This post is about racial discrimination and discrimination of all types: age, tribe, caste, physical appearance, disability, family status, gender, genetics, nationality, colour, race, ethnicity, religion, sexual orientation, political ideology, societal class, and many more.

It is important to address all forms of discrimination because we need to understand all the ways that we are dividing ourselves. Unity is impossible without covering all forms of division.

Let’s talk about the human side and then discuss how our biases are translating to technology and how this could lead to an even greater divide if we don’t fix it now.

Differentiation vs Discrimination

Let’s start with the basics. Humans perceive the world through five basic senses – vision, hearing, smell, touch, and taste, but we actually have between 14 and 20 senses [How Stuff Works].

Our senses help us to understand the world around us. Our sense of sight helps us see colours. Here is where differentiation comes in. When you see a black person, a brown person, and a white person, it’s your sense of sight that helps you make that differentiation. It is only when you turn that differentiation into discrimination that the problem arises.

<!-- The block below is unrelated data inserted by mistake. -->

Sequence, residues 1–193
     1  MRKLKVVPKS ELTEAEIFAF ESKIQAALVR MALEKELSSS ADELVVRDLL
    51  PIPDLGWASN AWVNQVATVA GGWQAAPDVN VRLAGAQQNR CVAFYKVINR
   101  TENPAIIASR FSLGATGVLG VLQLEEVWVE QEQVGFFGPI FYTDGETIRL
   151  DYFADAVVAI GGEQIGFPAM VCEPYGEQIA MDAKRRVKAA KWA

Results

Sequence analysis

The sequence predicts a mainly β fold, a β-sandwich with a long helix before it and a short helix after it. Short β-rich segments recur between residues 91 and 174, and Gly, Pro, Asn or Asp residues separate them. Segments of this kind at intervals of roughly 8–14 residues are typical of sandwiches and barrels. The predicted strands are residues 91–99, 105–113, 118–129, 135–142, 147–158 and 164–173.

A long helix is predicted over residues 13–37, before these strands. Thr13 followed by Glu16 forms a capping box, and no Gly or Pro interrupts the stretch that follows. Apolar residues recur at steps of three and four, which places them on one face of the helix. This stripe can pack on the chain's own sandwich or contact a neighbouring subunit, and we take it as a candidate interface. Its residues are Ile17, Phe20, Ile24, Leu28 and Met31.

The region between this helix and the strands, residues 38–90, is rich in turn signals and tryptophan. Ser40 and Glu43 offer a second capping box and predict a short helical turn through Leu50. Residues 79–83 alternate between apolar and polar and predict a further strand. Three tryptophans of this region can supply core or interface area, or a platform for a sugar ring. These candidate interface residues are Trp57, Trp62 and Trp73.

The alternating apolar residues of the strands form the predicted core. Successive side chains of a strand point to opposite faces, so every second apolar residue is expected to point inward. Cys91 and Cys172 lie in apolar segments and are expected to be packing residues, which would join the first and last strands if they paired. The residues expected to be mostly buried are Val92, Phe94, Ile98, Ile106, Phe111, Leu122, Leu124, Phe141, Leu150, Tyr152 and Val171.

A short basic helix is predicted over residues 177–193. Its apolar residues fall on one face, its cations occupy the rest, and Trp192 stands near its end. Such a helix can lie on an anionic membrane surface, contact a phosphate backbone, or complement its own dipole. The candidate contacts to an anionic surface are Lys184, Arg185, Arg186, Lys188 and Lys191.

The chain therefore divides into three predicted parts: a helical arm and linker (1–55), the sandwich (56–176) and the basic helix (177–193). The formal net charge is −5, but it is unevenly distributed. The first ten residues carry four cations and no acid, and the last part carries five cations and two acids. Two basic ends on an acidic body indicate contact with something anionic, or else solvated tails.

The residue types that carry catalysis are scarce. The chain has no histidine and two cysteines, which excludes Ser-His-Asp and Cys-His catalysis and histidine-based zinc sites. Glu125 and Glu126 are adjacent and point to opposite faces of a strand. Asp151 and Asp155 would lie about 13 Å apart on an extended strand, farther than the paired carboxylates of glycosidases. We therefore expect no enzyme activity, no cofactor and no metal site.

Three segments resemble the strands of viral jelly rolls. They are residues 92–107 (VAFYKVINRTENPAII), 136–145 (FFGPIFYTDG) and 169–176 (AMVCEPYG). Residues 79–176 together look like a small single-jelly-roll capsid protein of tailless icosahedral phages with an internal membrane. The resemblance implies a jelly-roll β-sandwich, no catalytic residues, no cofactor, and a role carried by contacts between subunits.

Consider a scenario where you have to prescribe the right type of sunscreen to people. Being able to differentiate between black, brown, and white people will help you prescribe the right strength of sunscreen they should use. But that differentiation of colour has no bearing on how much they should get paid for the same job, how they are treated within the justice system, and whether they are eligible to rent an apartment. When the colour of their skin is used to make these types of decisions, it is discrimination.

I once thought to myself that if we were all blind, racism would no longer exist. But then I quickly realized, we would instead discriminate based on our other senses. It may turn into discrimination by accent, smell, or the way people felt. So the problem is not a particular sense, it’s the way we process the information that our senses deliver to us.

Understanding how we process information